THANK YOU! Acts of virus crisis kindness
01 May, 2020
Jeremy Ford has been fixing NHS workers’ bikes for free
IT has been another week of harrowing news, and it is easy to become fearful. This catastrophe is affecting more families and friends in unimaginable ways. We know that newspapers can be hard to read, especially as we are committed in our mission not to flinch from the truths behind this pandemic and to campaign and scrutinise where things have gone horribly wrong. But there are stories of hope in the paper too. Here are a few more:
Francesca, aged 7, and below, Joshua, 6, show off their rainbow drawings for the NHS – designed at Awesome
• AN adventure playground has started providing online activities for children stuck indoors during the coronavirus lockdown. Children have been following the example of playworkers from the Awesome team drawing rainbow pictures dedicated to the NHS. Awesome’s director of play Becky Pryce said: “We understand that this is a difficult time, some families don’t have access to outside space.”
• A TRUSTEE of the Qhubeka charity has been fixing NHS workers’ bikes for free, and has expanded the service to all in return for a small donation. Qhubeka is a global charity that gives bikes to women and children across Africa.
Jeremy Ford, who lives just of Upper Street, said: “For the last week, I have been offering ‘free’ bicycle repairs in the Islington area for any type of bike. In return for this, I am asking people to make donations to the charity of any amount.”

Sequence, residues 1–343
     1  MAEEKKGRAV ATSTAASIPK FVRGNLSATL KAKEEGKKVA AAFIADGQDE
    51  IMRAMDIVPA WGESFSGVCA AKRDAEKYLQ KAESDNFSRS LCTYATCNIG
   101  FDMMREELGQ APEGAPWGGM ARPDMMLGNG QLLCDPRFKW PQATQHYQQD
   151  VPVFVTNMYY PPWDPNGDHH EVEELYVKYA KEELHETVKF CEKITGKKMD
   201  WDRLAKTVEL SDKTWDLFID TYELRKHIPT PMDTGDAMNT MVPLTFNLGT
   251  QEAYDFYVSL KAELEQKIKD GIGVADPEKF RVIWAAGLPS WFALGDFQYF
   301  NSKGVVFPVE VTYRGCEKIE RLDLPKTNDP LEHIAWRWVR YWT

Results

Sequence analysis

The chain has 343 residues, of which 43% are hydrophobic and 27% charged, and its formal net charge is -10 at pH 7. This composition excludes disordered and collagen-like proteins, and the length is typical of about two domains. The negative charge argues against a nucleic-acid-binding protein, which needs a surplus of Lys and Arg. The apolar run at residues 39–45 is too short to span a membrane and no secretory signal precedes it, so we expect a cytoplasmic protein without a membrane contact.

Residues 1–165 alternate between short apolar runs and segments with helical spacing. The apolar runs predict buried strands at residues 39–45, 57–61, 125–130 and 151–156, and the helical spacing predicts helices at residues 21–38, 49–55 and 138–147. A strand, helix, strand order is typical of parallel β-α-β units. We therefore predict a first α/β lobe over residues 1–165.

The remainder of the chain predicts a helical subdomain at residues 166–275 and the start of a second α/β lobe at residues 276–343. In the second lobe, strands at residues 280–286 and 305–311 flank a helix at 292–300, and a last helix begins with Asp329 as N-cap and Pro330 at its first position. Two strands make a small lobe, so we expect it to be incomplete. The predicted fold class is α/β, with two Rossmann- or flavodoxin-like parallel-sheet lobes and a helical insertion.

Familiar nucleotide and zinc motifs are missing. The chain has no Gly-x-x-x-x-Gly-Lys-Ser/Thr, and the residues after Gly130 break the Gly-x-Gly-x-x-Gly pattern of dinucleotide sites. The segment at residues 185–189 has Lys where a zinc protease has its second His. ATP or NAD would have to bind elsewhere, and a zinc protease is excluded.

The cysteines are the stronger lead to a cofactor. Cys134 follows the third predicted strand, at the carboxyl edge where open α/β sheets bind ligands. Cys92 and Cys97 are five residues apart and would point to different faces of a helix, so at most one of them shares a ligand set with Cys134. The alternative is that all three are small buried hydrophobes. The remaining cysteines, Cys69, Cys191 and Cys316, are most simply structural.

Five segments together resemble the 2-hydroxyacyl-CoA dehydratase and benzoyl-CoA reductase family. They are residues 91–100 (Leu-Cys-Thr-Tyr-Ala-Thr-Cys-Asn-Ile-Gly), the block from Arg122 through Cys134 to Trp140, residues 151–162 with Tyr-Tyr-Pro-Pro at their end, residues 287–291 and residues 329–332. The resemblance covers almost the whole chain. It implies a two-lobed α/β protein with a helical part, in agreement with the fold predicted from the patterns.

• PUPILS at a Finsbury Park primary school are completing an exercise routing every day for 26 days to raise money for the Whittington Hospital. Children at Ambler Primary School, in Blackstock Road, have already been doing burpees and aerobics aiming to raise £1,000 for the Archway hospital.
Paul Delany ran a marathon for charity on his narrowboat
• A CYCLING instructor ran a marathon at his home on a narrowboat in Islington in aid of mental health charity Mind on Sunday. The challenge entailed jogging 3,310 lengths of the interior of the boat through a very narrow passage with minimal headroom. It took him seven hours and he bumped his head three times. Paul Delany said he was concerned about the state of the nation’s mental health during the lockdown.
• THE London Met University, in Holloway Road, has donated £14,000 worth of food to Islington Council. The grub which would have been eaten by hungry students in the canteen is now being given to vulnerable people and organisations in need around the borough. The university’s business manager Andy Marshall said: It’s important that we come together and help each other.”
• THANK you to everybody who has volunteered to deliver the Tribune to people unable to get out to the shops each week. This has meant that many more people have been kept right up to date with the information they need during the coronavirus crisis.